Dorothy Malone, 1925–2018

“Although the Hollywood star Dorothy Malone, who has died aged ninety-three, appeared in only a handful of works of distinction in a fairly lengthy career, they were good enough to secure her place in film history,” writes Ronald Bergan for the Guardian. “On those occasions when the role permitted, most notably in two flamboyant melodramas directed by Douglas Sirk, Written on the Wind (1956) and The Tarnished Angels (1957), Malone revealed what a talented performer she could be, one capable of projecting a potent blend of cynicism, sexuality, and intelligence. However, she was probably most familiar to the general public as Constance MacKenzie in Peyton Place (1964–68), one of the first primetime TV soap operas.”

Writing for the New York Times,Anita Gates notes that “she was first noticed, by audiences and the film industry alike, in The Big Sleep (1946), in which she played a seductive bookstore clerk who took off her glasses, loosened her brown hair (Ms. Malone’s natural hair color) and invited Humphrey Bogart to stay awhile.”

Writing about that scene for the Chiseler, David Cairns notes that director Howard Hawks “loves indirect, coded dialogue, blending slang, jargon, innuendo, metaphor and heavily accented subtext, but beneath that he likes the blatant come-on, the frank challenge. I don’t think he ever found a more nakedly lustful avatar of straightforwardness than Dorothy Malone. . . . The whole thing is probably the most sex-positive scene in classic Hollywood, with no romance, no tut-tutting, just desire aroused and sated, respectfully. Malone might know she’s naughty, but she’s shameless, and Hawks and Bogart and the audience agree they like her that way. ‘So long, pal,’ says Marlowe as he leaves.”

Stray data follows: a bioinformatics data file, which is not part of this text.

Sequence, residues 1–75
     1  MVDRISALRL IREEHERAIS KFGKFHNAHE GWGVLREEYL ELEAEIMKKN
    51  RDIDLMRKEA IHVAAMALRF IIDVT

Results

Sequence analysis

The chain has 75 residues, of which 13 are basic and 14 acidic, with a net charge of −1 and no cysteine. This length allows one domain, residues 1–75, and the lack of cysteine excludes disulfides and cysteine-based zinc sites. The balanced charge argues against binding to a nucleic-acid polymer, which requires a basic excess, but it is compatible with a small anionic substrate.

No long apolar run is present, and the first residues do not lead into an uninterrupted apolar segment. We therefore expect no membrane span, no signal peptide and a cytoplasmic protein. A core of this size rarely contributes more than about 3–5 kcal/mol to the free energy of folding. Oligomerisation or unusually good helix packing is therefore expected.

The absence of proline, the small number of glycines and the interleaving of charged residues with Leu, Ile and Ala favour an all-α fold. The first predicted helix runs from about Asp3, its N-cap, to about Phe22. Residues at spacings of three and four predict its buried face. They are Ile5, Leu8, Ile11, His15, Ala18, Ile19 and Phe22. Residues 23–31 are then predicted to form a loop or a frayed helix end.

Update, 1/25: “More than fifty years ago, the 1964-1965 season, Grace Metalious’s scandalous best-selling novel, Peyton Place, came to ABC television, showing off an unusually classy cast of newcomers led by Mia Farrow, Ryan O’Neal, and Barbara Parkins,” writes Gerald Peary for the Arts Fuse. “But it was the glamorous Dorothy Malone, who died last week at age 92, who was the featured performer.” And she “received top billing for playing the tight-skirted, bouffant-coiffured mother of Farrow’s love-struck teenager. ‘I was the first movie star to plunge into night-time soap opera,’ Malone, then 60, told me when we met in 1985 at her choice of a place for an interview, the Dallas Country Club.” Peary looks back on the interview he conducted more than thirty years ago now.

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